# Lift and stuff.

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Before going on, view this video, there's a question to be answered

An 8-point roll involves rolling the aircraft around its longitudinal axis in a series of 45 degree stages with a pause between stages, and all the time maintaining the same altitude.

QUESTION: If the aircraft's wing produces sufficient Lift in level flight equal to the kilogram-weight of the aircraft, how much Lift does the wing produce when the aircraft is paused at the 45 degree stage of the roll?

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I base my flying on Newtons 3rd law "for every action there is an equal and opposite reaction" When I push the throttle forward, my bank account diminishes, but my life satisfaction increase

I have never been confused when banking an aircraft at 60°

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Sufficient. Nev

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When it isn't you haven't maintained the altitude which was specified as a condition. In this manoeuver as distinct from a balanced turn the Keel surfaces play a part in providing lift. At the 90 degree points the wing's cannot provide lift.  Inverted it will have a negative value as distinct from a barrell roll where you won't spill a cup of coffee, IF it's done well,  but you don't maintain a fixed altitude during the process. . More than one word there.   Nev

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4 hours ago, facthunter said:

More than one word there.

Nothing wrong with what you said, but you've crossed a bridge too far.

Here's the question again:

5 hours ago, old man emu said:

If the aircraft's wing produces sufficient Lift in level flight equal to the kilogram-weight of the aircraft, how much Lift does the wing produce when the aircraft is paused at the 45 degree stage of the roll?

I'll make it multiple guess:

A. More

B. Less

C. Same

D. I don't know.

Less. Nev

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Can't wait for your correct answer. In the real world the lift produced will depend on the angle of attack and airspeed,  both pilot controlled. Angle of bank is irrelevant.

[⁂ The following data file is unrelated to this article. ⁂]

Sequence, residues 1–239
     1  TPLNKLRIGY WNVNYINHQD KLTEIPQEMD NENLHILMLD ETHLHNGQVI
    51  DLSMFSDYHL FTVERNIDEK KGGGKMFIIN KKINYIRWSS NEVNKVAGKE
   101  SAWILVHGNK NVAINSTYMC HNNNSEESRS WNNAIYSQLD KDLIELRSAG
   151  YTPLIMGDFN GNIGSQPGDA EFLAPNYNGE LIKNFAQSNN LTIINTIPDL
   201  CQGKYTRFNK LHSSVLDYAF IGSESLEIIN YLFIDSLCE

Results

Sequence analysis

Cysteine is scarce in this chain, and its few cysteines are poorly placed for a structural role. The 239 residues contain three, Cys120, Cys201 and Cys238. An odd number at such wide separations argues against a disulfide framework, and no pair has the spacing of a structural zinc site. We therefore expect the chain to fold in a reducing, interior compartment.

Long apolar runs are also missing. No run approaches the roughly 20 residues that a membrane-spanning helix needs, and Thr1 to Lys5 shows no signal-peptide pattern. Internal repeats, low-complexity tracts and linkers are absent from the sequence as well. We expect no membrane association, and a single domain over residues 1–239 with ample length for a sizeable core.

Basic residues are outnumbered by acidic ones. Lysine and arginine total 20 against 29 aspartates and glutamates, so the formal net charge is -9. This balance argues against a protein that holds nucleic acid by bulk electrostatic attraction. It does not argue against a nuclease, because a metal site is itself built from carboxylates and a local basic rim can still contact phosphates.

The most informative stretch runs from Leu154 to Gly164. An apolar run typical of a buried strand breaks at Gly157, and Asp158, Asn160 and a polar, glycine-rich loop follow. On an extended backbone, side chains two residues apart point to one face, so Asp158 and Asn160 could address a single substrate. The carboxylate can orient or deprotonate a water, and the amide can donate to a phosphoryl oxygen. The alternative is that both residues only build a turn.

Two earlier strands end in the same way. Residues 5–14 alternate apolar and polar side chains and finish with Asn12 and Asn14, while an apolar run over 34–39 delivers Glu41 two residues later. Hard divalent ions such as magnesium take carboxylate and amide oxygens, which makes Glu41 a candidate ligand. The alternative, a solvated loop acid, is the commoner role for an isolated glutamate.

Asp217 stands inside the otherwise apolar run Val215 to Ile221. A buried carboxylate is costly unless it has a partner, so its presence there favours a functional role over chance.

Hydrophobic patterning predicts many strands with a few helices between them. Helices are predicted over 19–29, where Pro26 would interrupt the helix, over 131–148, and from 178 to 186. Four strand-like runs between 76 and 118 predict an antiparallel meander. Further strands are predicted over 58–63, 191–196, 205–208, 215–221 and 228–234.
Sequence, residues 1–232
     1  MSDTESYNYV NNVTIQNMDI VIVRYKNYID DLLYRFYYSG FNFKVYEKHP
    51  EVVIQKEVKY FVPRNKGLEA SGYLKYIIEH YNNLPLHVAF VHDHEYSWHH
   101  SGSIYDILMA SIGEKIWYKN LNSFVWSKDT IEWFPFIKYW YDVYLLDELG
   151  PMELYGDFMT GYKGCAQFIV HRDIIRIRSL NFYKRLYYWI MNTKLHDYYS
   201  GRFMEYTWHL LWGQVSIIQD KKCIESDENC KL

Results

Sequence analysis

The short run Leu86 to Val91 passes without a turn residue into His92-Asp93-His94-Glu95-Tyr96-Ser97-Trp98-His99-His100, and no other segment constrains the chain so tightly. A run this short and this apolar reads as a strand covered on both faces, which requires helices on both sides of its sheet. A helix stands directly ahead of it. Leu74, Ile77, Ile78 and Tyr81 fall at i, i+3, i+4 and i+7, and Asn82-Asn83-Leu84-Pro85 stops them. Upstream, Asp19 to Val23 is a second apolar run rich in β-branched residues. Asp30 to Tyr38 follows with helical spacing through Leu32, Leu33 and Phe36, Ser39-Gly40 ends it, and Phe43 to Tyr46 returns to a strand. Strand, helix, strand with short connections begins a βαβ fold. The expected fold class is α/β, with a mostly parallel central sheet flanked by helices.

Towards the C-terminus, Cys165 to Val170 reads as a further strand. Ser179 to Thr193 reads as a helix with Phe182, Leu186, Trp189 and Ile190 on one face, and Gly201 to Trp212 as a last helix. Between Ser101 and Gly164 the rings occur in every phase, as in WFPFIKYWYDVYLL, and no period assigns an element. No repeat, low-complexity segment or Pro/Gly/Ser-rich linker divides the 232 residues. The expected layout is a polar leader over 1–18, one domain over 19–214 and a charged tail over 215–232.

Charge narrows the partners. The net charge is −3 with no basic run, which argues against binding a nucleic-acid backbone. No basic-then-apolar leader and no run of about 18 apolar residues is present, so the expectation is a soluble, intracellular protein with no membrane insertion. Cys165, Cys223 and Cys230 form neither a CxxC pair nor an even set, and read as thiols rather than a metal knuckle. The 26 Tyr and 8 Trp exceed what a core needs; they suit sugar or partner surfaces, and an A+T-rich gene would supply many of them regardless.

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I doubt I will agree with it but we'll keep that between us for the moment. Nev

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Damn and blast! Whenever I try to frame a question simply, five minutes after I've posted it, I see a complication that I should have ruled out. I should have further restricted the parameters by saying

, how much Lift does the wing produce the instant that the aircraft is first paused at the 45 degree stage of the roll?

I hope that those additions will really fine tune the question.

8 hours ago, facthunter said:

At the 90 degree points the wing's cannot provide lift.

3 hours ago, Thruster88 said:

In the real world the lift produced will depend on the angle of attack and airspeed

Think about those statements in terms of the restated question. Just consider the very instant in time, the nanosecond,  when the aircraft reaches 45 degrees. Forget about what the pilot does next.

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Obviously, as Nev said,

'sufficient'.

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one word??? Irrelevant.... At the instant its stopped at 45 degrees of roll there are a lot of other forces acting not he aircraft including the aerofoil. Not the least of these are  Mister newtons first and third laws.. so in an instant the lift is probably irrelevant....

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2 minutes ago, Jase T said:

At the instant its stopped at 45 degrees of roll there are a lot of other forces acting not he aircraft including the aerofoil

When will people read what is written?

25 minutes ago, old man emu said:

how much Lift does the wing produce

I have already agreed that other factors will come into play, but they all tend to relate to keeping the plane flying.

How about we add a further factor to the question? Consider this question in terms of a wing in a wind tunnel.

Does that eliminate all the extraneous factors so you can concentrate on the guts of the question?

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Posted (edited)

OK I need to clarify here. Is your intent to pose questions to spark discussion? Or is it just to prove you know more than everyone else and will word questions in 3 different ways to confuse and when people try to answer you will be condensing and arrogant? Just so i know whether its is even worth trying to answer because you keep moving the goal posts. You want a specific answer yet your questions are so open you can get any number of different ones. Then you post comments like "When will people read what is written"... Well I did, then you wrote something else... So when will you pose a question and accept someones answer that is different to what you wanted?